Women Worth Watching 2015
Saying Yes to a New Challenge Revealed This SunTrust EVP’s True Calling
Dorinda Smith joined SunTrust more than 25 years ago, and has held roles of increasing responsibility during her tenure with the company. She served in several operational leadership roles, guiding the business through an enormous transformation. But, as she describes it, she never really knew what her calling was until she was asked in 2013 to lead a sales channel. Since accepting the role of EVP and Correspondent Production Manager, Dorinda has introduced the new and fast-growing, non-delegated division and, in 2014, delivered more than $8.5 billion in production, working with nearly 600 correspondent clients.
“Believe in the possibility of you.”
Recently, Dorinda led a professional development session for the company’s Women’s Teammate Network and shared her list of the “Top Things I’ve Learned.” Among the highlights were the following:
Change equals opportunity; know your strengths; love your job; have fun at work; learn every day; let go—things are not always going to go your way; learn what you need to learn from even the bad times and move on; be grateful; listening is power; be bold; and take action quicker’ don’t wait for life to hand you something—grab it; don’t wait for your employer to hand you the perfect career—go after it; talk with a lot of people about what you want to do—spend time with the person who has the job you want.
“If you only take one piece of advice from this, make it: ‘Believe in the possibility of you,’” said Dorinda. “It’s the career advice I’d give my former self.”
Her passionate advocacy for her clients, her team, and the professionals she mentors make her one of the most dynamic leaders from one of America’s top mortgage lenders. And she takes that can-do approach into the community as a volunteer with Junior Achievement and the YWCA.
Education: BA, University of Memphis
First Job: Market Research Analyst
What I’m Reading: “Strengths Based Leadership” by Tom Rath and Barry Conchie
The most important quality a woman leader should have is…
…to be a good listener. That skill alone makes clients (and bosses) know they are important. It is amazing the useful Information one can glean in conversation that keeps our efforts on point. Women have to juggle a lot of priorities; careful listening makes sure we focus on the right ones.
The career advice I’d give my former self:
Believe in the possibility of you. Know your strengths as well as the strengths of your team, and leverage those strengths to accomplish aspirational goals.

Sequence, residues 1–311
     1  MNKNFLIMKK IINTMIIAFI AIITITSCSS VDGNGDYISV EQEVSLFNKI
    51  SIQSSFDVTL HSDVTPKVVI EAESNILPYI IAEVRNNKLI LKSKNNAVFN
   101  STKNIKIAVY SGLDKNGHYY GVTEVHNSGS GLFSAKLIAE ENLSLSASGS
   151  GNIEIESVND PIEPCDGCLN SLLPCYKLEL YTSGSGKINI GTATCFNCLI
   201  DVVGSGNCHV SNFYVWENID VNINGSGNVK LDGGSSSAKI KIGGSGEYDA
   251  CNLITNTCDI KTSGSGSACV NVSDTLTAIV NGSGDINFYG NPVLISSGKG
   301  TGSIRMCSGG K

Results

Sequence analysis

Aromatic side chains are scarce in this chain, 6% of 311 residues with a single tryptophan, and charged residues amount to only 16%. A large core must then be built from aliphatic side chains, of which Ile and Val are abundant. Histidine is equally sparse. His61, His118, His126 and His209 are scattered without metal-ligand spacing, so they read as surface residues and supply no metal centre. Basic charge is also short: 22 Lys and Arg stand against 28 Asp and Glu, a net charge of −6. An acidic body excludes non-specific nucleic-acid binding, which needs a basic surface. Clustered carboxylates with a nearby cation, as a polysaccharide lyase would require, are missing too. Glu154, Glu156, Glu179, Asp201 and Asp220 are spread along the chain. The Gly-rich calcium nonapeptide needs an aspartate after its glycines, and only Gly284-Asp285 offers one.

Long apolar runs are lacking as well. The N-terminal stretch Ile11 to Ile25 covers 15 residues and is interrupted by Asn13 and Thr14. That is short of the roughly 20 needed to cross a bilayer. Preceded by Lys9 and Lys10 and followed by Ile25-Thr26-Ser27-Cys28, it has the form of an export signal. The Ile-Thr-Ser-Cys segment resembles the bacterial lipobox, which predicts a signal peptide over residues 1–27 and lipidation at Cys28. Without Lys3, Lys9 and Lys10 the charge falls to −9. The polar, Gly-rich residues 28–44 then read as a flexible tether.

Words I live by:
I am grateful to work with people I love, doing fulfilling work.
The one thing I’d do differently in my career, knowing what I know now, is…
…be bold. I tell young women daily to determine what you want and to go after it with all you have. The worst thing that can happen is that you will get a no.
When I really need to focus on a project, I…
…eat chocolate? Actually, I work best early in the morning before the email barrage begins. It feels so good to get in a zone and knock a project out.
My biggest career leap (and what I learned from it) was…
…moving into my current role as the head of the sales& distribution channel. I learned that I love balancing sales and operations and putting together a high performing team.
Being a woman in my profession has been…
…rewarding at times and challenging at times. I get frustrated with myself for self-imposed limitations. Mortgage was historically a male dominated Industry; women were relegated to operations positions. I was late in determining I could be a captain rather than a lieutenant.
I’ve learned that failure is…
…the best way to learn. I cannot recommend deliberately setting out to fail, but when I do, and after I quit beating myself up, I learn a lot about myself as well as what led to the failure.
I maintain a healthy personal life by…
…eating chocolate? Seriously, I try to walk 25 miles a week beginning at 5 am. It gets oxygen to my brain and lets me begin my day hitting on all cylinders.
I knew my present career was what I wanted to do when…
…I took a brief hiatus and assumed a role in technology nine years ago. I found I missed the fast pace and multiple priorities of a production environment. I also realized I was a “techno-tard” and needed to work somewhere my teammates used words and acronyms I understood. Who knew an oven was an appliance used for anything other than cooking?